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I just booked myself an award from Los Angeles to Santiago, Chile in Business Class for 35,000 Asiana miles + $24. United would have charged 55,000 miles for the same flights!

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Why Asiana Miles

Asiana has really cheap awards to Europe and South America and really expensive awards elsewhere. Asiana does collect fuel surcharges on awards when similar cash tickets have them, which is why Asiana awards to South America are so awesome: none of Asiana’s partners to South America have fuel surcharges on their flights within the Americas.

I already had exactly 35,000 Asiana miles in my account from previous Starpoint transfers. Starpoints transfer 1:1 to Asiana miles with the standard 5,000 bonus miles from transferring 20,000 Starpoints. That means 35,000 Asiana miles equals 30,000 Starpoints.


I plan to spend February through May in South America, mostly in Buenos Aires, but I can only spend 90 days there on a single visit, so I was looking to fill a few weeks with other stops first. I considered grand adventures in Guatemala, Colombia, and Brazil, but eventually settled on a first trip to Santiago, Chile.

I decided to book a two week trip there, though I may leave the capital for a few days or a week in the middle.

I have very little flexibility for the Los Angeles to Santiago trip; I need to leave on one of two days. I searched on for award space between Los Angeles and Santiago because any Copa, Avianca, or TACA space on and any United Saver space on can be booked with Asiana miles. I found pretty good space.

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On the search results, I clicked the Business Saver award column, so itineraries with Business Class award space would show up at the top.

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On the days I need to travel, the only Business Class award space is on one stop itineraries on Copa through Santiago. (Humorously, the itineraries don’t have Saver economy space, so a Business Class award is cheaper than an economy award with United miles.)

Screen Shot 2016-01-18 at 12.11.42 AMThe flight times and route are great, but Copa Business Class stinks. It is just a regular recline seat like you’d find in domestic First Class.

Booking and Seat Selection

Still I decided to book the Copa space since I don’t have date flexibility.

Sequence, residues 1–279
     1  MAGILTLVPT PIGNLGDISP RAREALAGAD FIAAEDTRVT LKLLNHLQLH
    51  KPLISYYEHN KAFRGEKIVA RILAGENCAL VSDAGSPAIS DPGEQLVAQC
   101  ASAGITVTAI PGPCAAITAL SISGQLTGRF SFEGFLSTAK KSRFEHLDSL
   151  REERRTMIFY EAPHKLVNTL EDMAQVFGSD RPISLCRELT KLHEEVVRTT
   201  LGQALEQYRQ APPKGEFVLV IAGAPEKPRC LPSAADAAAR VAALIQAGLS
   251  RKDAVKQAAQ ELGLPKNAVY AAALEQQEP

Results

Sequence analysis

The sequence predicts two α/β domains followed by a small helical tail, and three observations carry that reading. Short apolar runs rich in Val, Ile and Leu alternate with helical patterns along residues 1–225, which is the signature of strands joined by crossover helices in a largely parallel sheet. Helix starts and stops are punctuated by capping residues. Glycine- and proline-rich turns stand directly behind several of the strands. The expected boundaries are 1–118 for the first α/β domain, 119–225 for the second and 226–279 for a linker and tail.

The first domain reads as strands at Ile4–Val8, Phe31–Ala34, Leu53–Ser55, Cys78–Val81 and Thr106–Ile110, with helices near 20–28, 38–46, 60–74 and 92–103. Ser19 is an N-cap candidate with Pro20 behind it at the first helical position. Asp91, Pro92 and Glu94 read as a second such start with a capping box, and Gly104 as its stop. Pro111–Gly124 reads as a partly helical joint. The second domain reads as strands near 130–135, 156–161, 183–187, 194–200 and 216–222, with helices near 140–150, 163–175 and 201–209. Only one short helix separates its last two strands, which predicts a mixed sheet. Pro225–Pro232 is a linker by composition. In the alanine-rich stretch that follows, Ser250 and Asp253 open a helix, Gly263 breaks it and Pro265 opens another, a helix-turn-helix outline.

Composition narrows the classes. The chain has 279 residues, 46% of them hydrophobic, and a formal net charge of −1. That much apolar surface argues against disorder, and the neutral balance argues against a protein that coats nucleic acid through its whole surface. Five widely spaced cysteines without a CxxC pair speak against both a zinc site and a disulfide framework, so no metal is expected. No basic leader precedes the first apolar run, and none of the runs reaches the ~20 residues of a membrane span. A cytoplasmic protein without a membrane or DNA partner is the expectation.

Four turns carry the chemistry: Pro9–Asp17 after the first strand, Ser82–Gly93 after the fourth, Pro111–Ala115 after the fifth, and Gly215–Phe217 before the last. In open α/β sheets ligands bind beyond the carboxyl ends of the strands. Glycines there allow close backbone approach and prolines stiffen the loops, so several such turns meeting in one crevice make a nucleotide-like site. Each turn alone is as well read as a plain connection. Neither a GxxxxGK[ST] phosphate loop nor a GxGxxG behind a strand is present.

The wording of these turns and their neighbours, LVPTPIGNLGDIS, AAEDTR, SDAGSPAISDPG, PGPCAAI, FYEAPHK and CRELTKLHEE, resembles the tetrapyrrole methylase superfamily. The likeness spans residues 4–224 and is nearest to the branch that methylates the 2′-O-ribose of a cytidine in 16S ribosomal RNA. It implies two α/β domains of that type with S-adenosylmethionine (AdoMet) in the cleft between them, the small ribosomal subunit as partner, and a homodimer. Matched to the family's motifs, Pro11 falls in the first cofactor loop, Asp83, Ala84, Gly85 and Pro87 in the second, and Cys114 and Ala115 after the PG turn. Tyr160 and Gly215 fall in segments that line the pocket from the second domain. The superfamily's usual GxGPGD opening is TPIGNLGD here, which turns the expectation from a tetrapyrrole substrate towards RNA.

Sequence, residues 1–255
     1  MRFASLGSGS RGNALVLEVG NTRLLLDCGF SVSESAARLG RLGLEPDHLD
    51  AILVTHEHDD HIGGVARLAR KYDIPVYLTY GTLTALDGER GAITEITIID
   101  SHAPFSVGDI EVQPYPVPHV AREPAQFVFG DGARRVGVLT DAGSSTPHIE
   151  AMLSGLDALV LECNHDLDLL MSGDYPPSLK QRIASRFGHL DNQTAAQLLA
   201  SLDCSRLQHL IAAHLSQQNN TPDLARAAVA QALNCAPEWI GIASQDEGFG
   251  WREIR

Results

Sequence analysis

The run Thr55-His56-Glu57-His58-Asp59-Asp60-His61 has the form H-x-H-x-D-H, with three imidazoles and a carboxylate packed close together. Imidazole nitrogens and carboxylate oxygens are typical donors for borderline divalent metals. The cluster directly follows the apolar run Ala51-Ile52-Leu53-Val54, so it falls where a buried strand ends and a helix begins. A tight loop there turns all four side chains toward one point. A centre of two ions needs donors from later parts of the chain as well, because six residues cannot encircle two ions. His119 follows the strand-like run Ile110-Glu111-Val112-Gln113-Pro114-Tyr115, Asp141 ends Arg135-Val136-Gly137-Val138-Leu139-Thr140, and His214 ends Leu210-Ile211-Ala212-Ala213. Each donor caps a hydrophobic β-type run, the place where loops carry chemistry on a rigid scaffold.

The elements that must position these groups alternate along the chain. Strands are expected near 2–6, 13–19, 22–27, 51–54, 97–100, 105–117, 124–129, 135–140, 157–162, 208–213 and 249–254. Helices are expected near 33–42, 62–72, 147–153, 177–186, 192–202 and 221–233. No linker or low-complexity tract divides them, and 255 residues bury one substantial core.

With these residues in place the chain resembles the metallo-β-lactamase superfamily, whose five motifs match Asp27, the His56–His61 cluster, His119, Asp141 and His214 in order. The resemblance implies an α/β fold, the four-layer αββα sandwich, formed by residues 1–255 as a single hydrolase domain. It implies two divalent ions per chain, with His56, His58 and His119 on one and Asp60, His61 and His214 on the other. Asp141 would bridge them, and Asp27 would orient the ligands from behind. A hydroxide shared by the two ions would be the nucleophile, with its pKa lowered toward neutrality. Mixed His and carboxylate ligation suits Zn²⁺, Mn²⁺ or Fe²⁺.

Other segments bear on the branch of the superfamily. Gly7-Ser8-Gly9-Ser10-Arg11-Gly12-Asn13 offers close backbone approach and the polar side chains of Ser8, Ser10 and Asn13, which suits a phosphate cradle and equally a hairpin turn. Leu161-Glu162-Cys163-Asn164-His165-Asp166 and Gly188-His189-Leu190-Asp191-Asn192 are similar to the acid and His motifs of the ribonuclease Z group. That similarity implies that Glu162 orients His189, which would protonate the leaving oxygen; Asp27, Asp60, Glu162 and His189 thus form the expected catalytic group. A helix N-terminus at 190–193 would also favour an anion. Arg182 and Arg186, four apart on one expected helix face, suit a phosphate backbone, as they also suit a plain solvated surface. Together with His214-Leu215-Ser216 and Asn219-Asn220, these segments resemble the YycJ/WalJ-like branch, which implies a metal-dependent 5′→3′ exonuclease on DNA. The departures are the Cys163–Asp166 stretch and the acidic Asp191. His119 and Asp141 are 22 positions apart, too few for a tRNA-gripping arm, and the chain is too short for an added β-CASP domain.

Booking the award is straightforward though not as streamlined as it should be. Always call the airline whose miles you’re using, so I called Asiana at 800-227-4262.

Here’s where it gets weird:

  1. First you need to reserve the ticket with reservations.
  2. Then you need to pay for the ticket with Asiana Club.

I followed automated prompts to reservations. I gave the agent the date, cabin, and flight number of each segment that I had found on

The agent put the award together and gave me a confirmation number, which was the last eight digits of my phone number, then transferred me to Asiana Club. I gave them the confirmation number and my credit card. They ticketed the award for 35,000 Asiana miles + $24 in taxes. (There is no phone fee, there are no fuel surcharges, and there is no charge for booking at the last minute.) I got an email receipt a few hours later.

To confirm that everything ticketed correctly, I tried to select seats from Copa. I didn’t have the Copa confirmation number to select seats on, so I called Copa and read the ticket number from my Asiana receipt to get my Copa reservation number. Then I went back to and could pull up my reservation.

Screen Shot 2016-01-16 at 6.43.30 PM Oddly, the flights are listed as “Economy Class (I)” even though I is the booking code for Business Class award space. I was able to select Seat 1A on each flight, further easing my worries that Copa will put me in economy.

I am not going to investigate “Economy Class” farther. I expect I will be flying Business Class, and if not, I will probably get a nice refund from Asiana.

Future Changes

As mentioned, Copa Business Class stinks. I would much rather fly from Los Angeles to Houston to Santiago with the last leg in United flat bed Business Class on the 787-9 Dreamliner.
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United is very stingy with this award space but opens some in the last few weeks before departure. As of yesterday, there was award space on the flight on January 18, 19, 22, 26, 27, and 28. That makes me hopeful that the days I want to fly will soon have flat bed Business Class award space. If that happens, I expect to be able to change the award for free based on my previous experience changing an Asiana award.

Bottom Line

I paid 35,000 Asiana miles for Business Class award space to Chile. To put in context how cheap that is, let me compare it to United’s award prices to Chile, which I consider eminently reasonable:

  • 30,000 United miles each way in economy
  • 55,000 United miles each way in Business Class

I will spend two awesome weeks in Chile and then fly my British Airways Avios award to Buenos Aires.

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